“The group in the park.”

“The big black guys and Indians? Those guys?”

“Yes, those guys. Do you think I ought to worry about them?”

“Doing what?”

“We’re all here in the same neighborhood. I see them all the time. Now they’ve seen me.”

“Do you know how to take care of yourself?”

“I don’t know, officer. What do you think?”

“I think you need help.”


“Like personal protection?”

“Like a gun?”

“Something along those lines.”

My choices were get a gun, a knife, a dog, or move.

This wasn’t a good time for a dog in my life. I had guns but sold them, or traded them away.

A knife meant learning how to knife fight, which meant getting too close to an assailant.

And I wasn’t moving.

My solution was a thick, chain link, dog collar. Easy to carry and long enough to reach out and touch someone with force.

for a street fighting man


The next month I avoided my front door at the Burgess near 21st and Lovejoy. Instead I walked a block over to Marshall, cut through an alley, and came in the back.

Every time I walked home I took a different route. It felt more prudent than paranoid after the stink-eye I got in Couch Park.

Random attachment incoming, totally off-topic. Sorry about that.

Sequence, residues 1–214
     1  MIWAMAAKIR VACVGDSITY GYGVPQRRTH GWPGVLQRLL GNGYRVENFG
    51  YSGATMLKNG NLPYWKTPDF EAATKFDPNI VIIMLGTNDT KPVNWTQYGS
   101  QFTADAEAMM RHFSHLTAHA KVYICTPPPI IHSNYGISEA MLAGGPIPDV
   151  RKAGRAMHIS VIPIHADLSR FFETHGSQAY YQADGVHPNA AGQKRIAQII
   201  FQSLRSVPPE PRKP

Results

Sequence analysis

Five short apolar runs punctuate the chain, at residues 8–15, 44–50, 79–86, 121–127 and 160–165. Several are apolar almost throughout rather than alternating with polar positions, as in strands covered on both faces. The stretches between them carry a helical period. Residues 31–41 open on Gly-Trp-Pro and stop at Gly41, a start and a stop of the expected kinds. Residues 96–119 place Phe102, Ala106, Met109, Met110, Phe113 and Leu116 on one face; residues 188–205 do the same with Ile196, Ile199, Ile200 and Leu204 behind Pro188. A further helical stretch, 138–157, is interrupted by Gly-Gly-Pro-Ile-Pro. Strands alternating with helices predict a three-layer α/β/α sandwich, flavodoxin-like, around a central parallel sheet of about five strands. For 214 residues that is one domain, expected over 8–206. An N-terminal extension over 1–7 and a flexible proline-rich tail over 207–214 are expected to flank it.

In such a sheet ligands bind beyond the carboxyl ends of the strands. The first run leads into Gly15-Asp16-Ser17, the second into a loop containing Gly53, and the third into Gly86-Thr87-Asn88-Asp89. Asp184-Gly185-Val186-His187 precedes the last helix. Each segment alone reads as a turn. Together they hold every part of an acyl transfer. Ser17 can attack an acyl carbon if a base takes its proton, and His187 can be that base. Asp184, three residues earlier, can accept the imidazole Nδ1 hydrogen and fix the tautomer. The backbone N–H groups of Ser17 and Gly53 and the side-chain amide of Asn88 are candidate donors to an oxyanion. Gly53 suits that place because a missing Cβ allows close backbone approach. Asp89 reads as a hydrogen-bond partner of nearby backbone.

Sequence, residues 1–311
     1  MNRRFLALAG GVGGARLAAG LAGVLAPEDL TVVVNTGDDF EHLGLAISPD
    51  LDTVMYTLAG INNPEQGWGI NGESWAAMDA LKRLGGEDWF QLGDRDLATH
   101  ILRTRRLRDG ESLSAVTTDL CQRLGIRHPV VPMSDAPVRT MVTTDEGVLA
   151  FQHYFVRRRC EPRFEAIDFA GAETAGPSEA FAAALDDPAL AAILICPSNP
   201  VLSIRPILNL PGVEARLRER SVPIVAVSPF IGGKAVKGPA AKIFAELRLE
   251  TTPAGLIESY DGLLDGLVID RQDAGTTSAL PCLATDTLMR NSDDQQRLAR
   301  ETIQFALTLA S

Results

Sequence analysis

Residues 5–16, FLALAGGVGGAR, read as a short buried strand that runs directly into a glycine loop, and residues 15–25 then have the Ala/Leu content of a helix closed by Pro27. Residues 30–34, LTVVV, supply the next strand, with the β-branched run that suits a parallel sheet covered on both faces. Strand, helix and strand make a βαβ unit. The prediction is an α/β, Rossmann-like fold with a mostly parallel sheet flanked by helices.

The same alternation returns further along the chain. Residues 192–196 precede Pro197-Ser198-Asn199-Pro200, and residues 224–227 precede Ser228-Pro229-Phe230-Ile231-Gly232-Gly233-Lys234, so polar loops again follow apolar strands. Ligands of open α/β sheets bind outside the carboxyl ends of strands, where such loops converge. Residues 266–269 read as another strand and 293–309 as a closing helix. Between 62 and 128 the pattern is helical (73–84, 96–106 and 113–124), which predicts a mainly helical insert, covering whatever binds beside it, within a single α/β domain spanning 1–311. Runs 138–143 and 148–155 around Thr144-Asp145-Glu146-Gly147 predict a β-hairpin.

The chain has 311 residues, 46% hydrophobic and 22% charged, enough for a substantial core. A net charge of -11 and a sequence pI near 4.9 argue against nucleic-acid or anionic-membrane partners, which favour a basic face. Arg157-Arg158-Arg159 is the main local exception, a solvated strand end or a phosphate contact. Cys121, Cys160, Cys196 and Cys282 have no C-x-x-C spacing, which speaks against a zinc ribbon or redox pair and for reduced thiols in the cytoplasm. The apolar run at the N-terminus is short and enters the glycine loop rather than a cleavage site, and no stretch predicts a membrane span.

Fast forward from 1983 to 2016 and driving with my wife when Sting’s Every Breath You Take plays on the radio.

“I love this song,” she said.

It was a hit during my days of sneaking around to avoid the park guys.

I told her my story. Again.

If you’ve ever had a song match your mood, a song that brings back memories, this is one for me.

Every breath you take
Every move you make
Every bond you break
Every step you take

I’ll be watching you

Every single day
Every word you say
Every game you play
Every night you stay

I’ll be watching you

I watched for the puncher and his pals, ready to chain whip them down. At least that was the plan for a street fighting man.

And Sting sang my anthem.

Who was watching who?

Street fighting man at the scene

New glasses and Cinema 21

About David Gillaspie